Rent-Seeking and the New York Marathon

Disclaimer: All opinions expressed in this article are my own. While I present the following critique of the New York Marathon’s registration and selection practices, I intend on submitting myself into the 2020 New York Marathon’s non-guaranteed race lottery. Running provides a fantastic medium for me to compete, to meet new people, and to travel, and I will not be deterred by a monopolistic organization.

Running is a great sport where athletes from all walks of life are able to compete and to triumph together in a beautiful way. I’ve ran in packs where the camaraderie was palpable, despite only meeting the fellow runners in the group a few hours prior. Spectators at major races are fans of every runner, and don’t swear allegiance to teams or nationalities. It’s truly a communal sport where there’s no zero-sum element involved. Everyone that crosses the finish line is a winner.

However, the New York Marathon and its organizers threaten the diversity of the sport. Since it’s one of the prestigious World Marathon Majors, elite, amateur, and recreational athletes alike seek out valuable race entries in any means possible. Whereas some of the other marathons in the World Marathon Majors series have a qualifying mark prerequisite, the New York Marathon’s standards are a bit more exclusive.

The Boston Marathon is the world’s oldest annual marathon and is one of the World Marathon Majors. The race is a household name, and many runners seek out the prized Boston Qualification (BQ for short). For the youngest age bracket, 18-34 years old, a male runner needs to run a marathon in 3 hours or quicker, while a female runner needs to run a 3:30 or faster in order to notch a 2020 BQ. Most marathons around the world receive a certification from the United States of America Track & Field (USATF) or the Association of International Marathons and Distance Races (AIMS) indicating that a qualifying time run at the race can be used for a BQ. An athlete with a BQ can submit their name for entry, and the Boston Athletic Association (BAA) reviews each entry, with faster BQs generally receiving entry to the Boston Marathon [1].

Boston’s qualification standards create a meritocracy that rewards faster runners that have gotten the BQ. To ensure fairness, the BAA has worked with other race organizers to verify results at certain races, preventing bib mules (faster runners wearing another person’s bib in order to notch the BQ for the latter party) and other cheaters from achieving an entry unfairly. Furthermore, the USATF and AIMS have not shied away from revoking race certifications if they deem a race’s conditions to be not up to standard.

On the other hand, the New York Marathon’s qualifying standards are more restrictive. In addition to having faster qualification times for every bracket, the marathon restricts guaranteed entry to athletes who’ve achieved the qualification time at one of the sponsor’s affiliated races. Any athlete that runs a qualification time at a non-affiliated race will be added to a first-come-first-serve waitlist, with entry depending on the number of remaining slots after the athletes achieving guaranteed entry have been accounted for. The full qualification rules are as follows [2]:

All applicants who meet the time standards at the following New York Road Runners (NYRR) races in 2019 will be eligible for guaranteed entry in 2020:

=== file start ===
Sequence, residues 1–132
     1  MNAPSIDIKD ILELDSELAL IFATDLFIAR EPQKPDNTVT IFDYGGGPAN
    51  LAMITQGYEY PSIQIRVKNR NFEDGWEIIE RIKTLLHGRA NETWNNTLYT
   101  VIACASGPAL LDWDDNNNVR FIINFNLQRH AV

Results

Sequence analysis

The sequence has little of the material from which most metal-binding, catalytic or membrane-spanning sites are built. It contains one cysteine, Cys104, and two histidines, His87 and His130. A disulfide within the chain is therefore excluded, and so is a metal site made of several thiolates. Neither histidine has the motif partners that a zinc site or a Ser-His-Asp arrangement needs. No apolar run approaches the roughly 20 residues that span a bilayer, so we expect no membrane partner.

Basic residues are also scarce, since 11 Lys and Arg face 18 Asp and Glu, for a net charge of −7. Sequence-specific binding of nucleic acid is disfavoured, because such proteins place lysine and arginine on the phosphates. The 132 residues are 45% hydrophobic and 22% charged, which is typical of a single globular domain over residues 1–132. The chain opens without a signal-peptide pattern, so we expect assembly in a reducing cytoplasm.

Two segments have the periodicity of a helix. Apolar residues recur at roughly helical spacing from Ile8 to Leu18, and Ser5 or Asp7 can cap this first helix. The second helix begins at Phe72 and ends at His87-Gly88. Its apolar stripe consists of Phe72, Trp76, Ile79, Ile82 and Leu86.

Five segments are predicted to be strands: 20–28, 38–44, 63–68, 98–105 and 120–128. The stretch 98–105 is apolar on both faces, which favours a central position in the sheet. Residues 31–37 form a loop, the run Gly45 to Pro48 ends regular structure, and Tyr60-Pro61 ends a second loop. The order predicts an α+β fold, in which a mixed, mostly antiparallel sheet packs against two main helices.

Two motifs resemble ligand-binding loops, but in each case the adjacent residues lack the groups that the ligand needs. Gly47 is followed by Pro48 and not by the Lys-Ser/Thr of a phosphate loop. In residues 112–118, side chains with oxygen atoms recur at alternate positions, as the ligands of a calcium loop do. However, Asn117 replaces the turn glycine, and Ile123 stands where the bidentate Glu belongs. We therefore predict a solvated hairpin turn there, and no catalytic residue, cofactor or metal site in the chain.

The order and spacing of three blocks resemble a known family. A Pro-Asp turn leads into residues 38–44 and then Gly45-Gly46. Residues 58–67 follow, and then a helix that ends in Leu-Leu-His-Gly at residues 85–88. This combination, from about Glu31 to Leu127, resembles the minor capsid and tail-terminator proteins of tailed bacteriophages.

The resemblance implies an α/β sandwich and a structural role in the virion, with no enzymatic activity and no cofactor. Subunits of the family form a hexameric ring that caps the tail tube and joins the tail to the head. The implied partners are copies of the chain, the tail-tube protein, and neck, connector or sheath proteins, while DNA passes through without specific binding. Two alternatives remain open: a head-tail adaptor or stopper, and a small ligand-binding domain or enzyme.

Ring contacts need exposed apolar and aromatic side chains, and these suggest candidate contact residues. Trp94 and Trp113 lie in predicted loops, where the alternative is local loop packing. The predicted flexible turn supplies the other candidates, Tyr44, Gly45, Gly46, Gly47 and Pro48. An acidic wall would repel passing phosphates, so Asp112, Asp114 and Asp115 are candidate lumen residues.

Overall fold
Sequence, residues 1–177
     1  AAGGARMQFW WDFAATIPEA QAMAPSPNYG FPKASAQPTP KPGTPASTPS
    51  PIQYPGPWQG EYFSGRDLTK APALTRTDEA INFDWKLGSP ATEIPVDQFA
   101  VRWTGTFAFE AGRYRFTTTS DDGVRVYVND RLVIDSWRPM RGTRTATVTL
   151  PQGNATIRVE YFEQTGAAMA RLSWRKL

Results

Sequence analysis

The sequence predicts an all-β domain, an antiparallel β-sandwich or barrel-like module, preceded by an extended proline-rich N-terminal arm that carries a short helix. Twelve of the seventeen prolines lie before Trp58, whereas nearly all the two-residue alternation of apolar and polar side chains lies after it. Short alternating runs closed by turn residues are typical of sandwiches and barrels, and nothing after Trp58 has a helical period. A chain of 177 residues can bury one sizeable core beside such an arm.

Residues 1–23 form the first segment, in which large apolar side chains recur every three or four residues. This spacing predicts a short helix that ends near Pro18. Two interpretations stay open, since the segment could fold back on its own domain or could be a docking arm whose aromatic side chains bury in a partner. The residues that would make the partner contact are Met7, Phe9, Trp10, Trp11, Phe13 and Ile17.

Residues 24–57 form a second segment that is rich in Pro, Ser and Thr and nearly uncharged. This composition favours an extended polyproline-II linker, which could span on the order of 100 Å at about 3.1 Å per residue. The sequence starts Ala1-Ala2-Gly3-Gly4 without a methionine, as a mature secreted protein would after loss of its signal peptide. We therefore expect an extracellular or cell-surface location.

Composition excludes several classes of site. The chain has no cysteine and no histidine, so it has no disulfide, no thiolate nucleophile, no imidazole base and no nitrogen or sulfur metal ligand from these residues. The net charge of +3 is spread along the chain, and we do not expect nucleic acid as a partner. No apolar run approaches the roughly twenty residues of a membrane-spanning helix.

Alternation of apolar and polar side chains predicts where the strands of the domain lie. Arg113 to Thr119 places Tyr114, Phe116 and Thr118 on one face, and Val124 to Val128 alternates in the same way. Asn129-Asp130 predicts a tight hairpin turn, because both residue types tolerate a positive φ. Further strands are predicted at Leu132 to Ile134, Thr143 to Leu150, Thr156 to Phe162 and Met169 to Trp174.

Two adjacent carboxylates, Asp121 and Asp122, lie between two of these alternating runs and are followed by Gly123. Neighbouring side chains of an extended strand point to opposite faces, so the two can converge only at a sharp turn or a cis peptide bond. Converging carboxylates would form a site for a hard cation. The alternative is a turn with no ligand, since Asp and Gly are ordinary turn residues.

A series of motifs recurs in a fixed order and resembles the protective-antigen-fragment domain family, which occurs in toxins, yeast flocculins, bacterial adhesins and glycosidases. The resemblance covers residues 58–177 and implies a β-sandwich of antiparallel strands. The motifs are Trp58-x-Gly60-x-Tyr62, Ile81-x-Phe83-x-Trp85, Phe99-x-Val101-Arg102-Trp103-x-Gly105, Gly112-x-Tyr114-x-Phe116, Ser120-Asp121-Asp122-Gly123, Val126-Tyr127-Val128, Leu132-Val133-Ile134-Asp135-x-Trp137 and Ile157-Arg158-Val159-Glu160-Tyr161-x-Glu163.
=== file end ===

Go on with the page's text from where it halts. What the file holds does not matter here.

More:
• 2019 Fred Lebow Half-Marathon, 
  • 2019 United Airlines NYC Half, 
  • 2019 SHAPE Women’s Half-Marathon, 
  • 2019 Popular® Brooklyn Half, 
  • 2019 NYRR Staten Island Half, 
  • 2019 TCS New York City Marathon.

A limited number of time-qualifier spots will be available to runners who met the time standards in a non-NYRR race. These spots will be filled on a first-come, first-served basis. Verification will be completed prior to the 2020 entry drawing.

For the youngest age bracket (18-34 years old), a male runner needs to run a 2:53 marathon or a 1:21 half marathon, while a female runner would need to cross the finish line in 3:13 if running a marathon, or 1:32 if completing a half [2].

However, by restricting qualification to certain races, the New York Marathon’s organizers are able to control the scarcity of qualification marks, effectively monopolizing the qualification process. They funnel runners into their own races, threatening the diverse nature of the sport. Monopolizing qualification allows the organizers to levy higher registration fees, and to homogenize the demographics of the athletes. The qualification guidelines reward local athletes with deeper wallets and ability.

For the most part, running races welcome athletes agnostic of physical ability. Athletes with disabilities race in wheelchairs, whizzing through the streets in tightly knit pelotons, reaching speeds upwards of 40 kilometers per hour. The International Paralympic Committee (IPC), classifies athletes based on their range of ability. Athletes with disabilities competing in a wheelchair usually fall under the T51, T52, T53, or the T54 classifications, meaning that they have some or full use of their arms but have limited or no trunk function.

Although the New York Marathon doesn’t indicate what the qualification marks are for the different IPC classifications, it’s safe to assume that there are similar qualification guidelines for IPC athletes. Disabilities charge interest. A T51-54 athlete wishing to compete in a road race not only has to pay the registration fee as any other runner would, but also has to arrange intricate arrangements in order to bring their specialized equipment to the race’s start line. The New York Marathon’s restrictive qualification guidelines severely damage an outside athlete with a disability from attempting to qualify. For instance, an athlete with a disability living outside of New York, should they desire to qualify, would have to make an extra trip to and from New York to compete in an accessible NYRR sanctioned race, as opposed to finding a race closer to home that may be readily available to them.

New York isn’t the only World Marathon Major to impose restrictive entry conditions for outsiders. The London Marathon gives preferential treatment to United Kingdom residents, considering them first for the lottery and charging them a cheaper registration fee than they do for international hopefuls. While it’s unfortunate that the London organizers inject nationalism into their registration flow, they aren’t alone. Many other smaller races also institute similar stipulations. However, these practices pale in comparison to New York’s qualification standards. An international competitor eager to compete in the New York Marathon would have to arrange for 2 different, disjoint visits to the United States – one to attempt a qualifying mark at an NYRR sanctioned race, and another for the actual New York Marathon itself.